For many of us, our older siblings are our earliest mentors. That’s because they frequently pass – directly or indirectly – their life lessons down to us. We benefit because, when applied correctly, that knowledge– wisdom, really– can help us navigate through life’s challenges a bit more smoothly, which helps us get ahead.
That scenario can be easily applied to the world of industrial manufacturing, especially when we look at the close, almost familial relationship between safety and cybersecurity. As in many families, where siblings often take on distinct but complementary roles and personalities, safety and security each serve and execute a specific, critical function. Like siblings, they are closely related, with safety being the older, more mature of the two. That means the cybersecurity function can benefit from many of the lessons safety has learned over the years. But more importantly, we are beginning to understand that applying this acquired knowledge to the cybersecurity function in turn can have a positive effect on the safety of the plant.
As industrial manufacturing companies embark or continue their digital transformations, they also continue to shrink the gap between their IT and OT functions. While that frequently improves business and operations performance, it also means cybersecurity risks that at one time affected only the external network can now impact the process control and safety systems, with potentially disastrous consequences.
The changing landscape
As the demand for applications that extract new business value from operational data increases, so too does the number of connected devices, as well as the need for stronger cybersecurity practices and discipline
When network connectivity expands, the attack surface widens (because each new connection becomes a possible entry point for would-be attackers). That means plant operators and managers not only need to prepare for new sources of data traffic, they need to anticipate the likelihood of increasingly sophisticated attacks.
Studies verify that the scope, power and sophistication of cyber-attacks grow every day. A recent article noted that prominent London tourist attractions have been attacked more than 100 million times in the past few years. Kew Gardens saw an increase in spyware of 526% in 2018, suffering more than 82 million attempts.[i] And when it comes to industry and critical infrastructure, new, stronger and more insidious actors are perpetrating new types of attacks on new targets, like process safety and control systems. That means we must start taking a new, better approach to securing our operations. And that’s where safety– cybersecurity’s older sibling– can help out.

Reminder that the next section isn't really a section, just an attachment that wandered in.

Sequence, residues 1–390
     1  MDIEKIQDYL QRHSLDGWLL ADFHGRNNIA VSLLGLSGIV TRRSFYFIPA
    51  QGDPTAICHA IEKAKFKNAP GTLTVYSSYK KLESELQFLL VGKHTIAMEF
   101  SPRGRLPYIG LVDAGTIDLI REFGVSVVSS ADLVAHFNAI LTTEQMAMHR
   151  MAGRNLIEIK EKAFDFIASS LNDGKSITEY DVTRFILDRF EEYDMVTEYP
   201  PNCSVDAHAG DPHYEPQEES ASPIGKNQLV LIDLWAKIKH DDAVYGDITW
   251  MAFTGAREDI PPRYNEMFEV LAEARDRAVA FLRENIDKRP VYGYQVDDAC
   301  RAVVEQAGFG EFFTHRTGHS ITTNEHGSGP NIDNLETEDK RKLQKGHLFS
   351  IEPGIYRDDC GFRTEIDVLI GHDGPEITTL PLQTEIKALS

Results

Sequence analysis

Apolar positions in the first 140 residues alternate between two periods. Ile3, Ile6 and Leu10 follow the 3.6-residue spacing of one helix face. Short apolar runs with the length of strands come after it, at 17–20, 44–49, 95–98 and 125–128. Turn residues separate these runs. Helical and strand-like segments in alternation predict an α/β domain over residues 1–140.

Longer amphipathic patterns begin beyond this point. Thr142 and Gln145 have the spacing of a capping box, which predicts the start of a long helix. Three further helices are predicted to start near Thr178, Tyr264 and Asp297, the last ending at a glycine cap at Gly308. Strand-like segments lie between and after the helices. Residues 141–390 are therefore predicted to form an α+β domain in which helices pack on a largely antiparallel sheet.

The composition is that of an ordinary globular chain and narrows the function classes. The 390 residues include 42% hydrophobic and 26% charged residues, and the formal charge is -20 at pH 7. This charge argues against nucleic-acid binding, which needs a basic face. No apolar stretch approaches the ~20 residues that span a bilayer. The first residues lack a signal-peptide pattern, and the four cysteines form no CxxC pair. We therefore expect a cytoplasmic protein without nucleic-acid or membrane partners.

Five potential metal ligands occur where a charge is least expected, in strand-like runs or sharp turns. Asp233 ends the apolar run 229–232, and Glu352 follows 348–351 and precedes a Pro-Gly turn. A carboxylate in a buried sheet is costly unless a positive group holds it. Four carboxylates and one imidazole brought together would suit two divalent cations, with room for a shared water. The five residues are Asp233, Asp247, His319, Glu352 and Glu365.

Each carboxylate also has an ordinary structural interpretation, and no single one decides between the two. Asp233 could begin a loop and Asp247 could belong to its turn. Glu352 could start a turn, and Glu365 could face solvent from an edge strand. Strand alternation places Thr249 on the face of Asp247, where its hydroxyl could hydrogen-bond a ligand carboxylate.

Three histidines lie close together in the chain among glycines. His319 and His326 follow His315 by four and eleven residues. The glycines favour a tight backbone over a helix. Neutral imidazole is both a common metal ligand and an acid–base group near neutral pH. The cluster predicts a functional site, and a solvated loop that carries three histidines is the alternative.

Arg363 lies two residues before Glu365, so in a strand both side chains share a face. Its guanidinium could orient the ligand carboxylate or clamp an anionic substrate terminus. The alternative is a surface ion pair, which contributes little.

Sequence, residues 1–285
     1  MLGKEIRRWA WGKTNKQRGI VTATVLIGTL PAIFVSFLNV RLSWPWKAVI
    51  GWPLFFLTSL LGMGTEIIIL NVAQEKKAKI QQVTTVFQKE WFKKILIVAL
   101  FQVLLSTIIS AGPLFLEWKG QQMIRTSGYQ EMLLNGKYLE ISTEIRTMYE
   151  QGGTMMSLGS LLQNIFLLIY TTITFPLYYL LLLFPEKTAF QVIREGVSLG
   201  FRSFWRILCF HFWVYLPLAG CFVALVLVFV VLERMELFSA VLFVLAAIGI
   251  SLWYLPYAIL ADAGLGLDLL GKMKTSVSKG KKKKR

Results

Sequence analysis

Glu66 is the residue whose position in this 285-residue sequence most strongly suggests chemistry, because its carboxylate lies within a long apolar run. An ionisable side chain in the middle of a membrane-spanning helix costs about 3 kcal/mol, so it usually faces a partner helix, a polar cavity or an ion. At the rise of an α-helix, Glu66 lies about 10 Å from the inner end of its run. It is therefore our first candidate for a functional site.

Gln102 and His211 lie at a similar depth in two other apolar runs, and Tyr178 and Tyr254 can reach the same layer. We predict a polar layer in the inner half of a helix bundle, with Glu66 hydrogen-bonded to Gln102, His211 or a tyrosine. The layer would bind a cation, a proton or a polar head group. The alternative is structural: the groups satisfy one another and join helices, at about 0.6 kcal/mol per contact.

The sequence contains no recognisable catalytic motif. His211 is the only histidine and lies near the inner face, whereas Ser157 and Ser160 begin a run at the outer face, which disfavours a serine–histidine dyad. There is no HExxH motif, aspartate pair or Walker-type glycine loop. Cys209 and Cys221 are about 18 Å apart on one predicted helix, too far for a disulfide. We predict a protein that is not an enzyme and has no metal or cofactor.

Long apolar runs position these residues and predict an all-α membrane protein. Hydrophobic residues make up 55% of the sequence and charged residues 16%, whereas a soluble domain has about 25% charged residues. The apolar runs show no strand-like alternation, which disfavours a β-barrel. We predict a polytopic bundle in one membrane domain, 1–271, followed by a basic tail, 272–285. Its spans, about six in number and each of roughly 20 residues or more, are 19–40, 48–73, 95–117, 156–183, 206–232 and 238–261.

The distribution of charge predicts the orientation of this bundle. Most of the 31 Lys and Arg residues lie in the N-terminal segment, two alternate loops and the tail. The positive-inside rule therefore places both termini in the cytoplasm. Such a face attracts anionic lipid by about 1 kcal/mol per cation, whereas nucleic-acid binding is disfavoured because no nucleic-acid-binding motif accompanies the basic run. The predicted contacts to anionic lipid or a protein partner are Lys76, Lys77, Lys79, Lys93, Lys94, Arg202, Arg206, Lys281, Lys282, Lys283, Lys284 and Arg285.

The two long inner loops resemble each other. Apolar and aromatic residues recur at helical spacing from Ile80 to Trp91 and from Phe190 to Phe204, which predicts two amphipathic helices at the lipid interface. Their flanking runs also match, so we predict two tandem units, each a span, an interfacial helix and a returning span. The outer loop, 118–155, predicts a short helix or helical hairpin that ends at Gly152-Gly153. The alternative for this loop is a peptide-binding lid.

Apply Experience to Manage Risk
Improving the safety of the operation is all about understanding, predicting and then managing risks. And that is the case with cybersecurity as well. So why not apply all that we’ve learned from managing safety risk to improve how we manage and mitigate cybersecurity risks?
Plant operators and managers must constantly monitor and gauge the performance of their assets and operations and then apply trusted solutions to measure and understand their safety profile, i.e., how far can they push their operations without exceeding safety risks. The cybersecurity lifecycle is very similar to safety, meaning operators and managers can apply similar methods, solutions and technologies to understand and mitigate security risks, i.e., how they can improve business performance without risking an incident or attack.
One such practice is conducting a cybersecurity process hazard analysis (CyberPHA), which is a solid tool borrowed specifically from the safety side of the house.
A CyberPHA is a very structured systematic approach to understanding cyber risk. In conducting a CyberPHA, a user can see the real consequence if the system is compromised. It puts cybersecurity vulnerabilities in the right context of the operations, i.e., what if the system shuts down.
Another tool or method is an assessment of the ICS system itself to understand how it is vulnerable. A user would evaluate the ICS by looking at the control system’s design and:
- Reviewing as-built or as-found drawings
- Analyzing network communications, i.e., what devices are talking to what devices
- Analyzing network devices
- Analyzing servers/workstations
- Analyzing ICS devices
- Partitioning the system into zones and conduits
- Reviewing policies and procedures
- Recommending mitigations
Identifying the need to segregate networks, maintaining strict change management protocols, and adding additional host / network-based security controls as a last layer of defense are other safety practices that should be considered to improve cyber defense and to mitigate the risk of cyber-attacks.
Industrial manufacturers are under constant pressure to improve business and operating performance. To maintain a competitive advantage while meeting fluctuating market demands, they work at breakneck speed to ensure more product gets out the door, safely and securely. Advanced, digital technology, what we mostly call the IIoT, is frequently the answer to their needs. And while the resultant increase in connectivity can increase business performance and results, it also increases the risks of cyber-attack. Therefore, security professionals need to leverage the best tools, knowledge and experience available.
Why not borrow what works best from our big brother across the hall? Safety has taught us well. Now it’s time to learn even more. Come take part in “Cyber Summit ‘19”, a virtual event and expert panel discussion on “How does cybersecurity affect safety, and what should you do about it?”. Register here.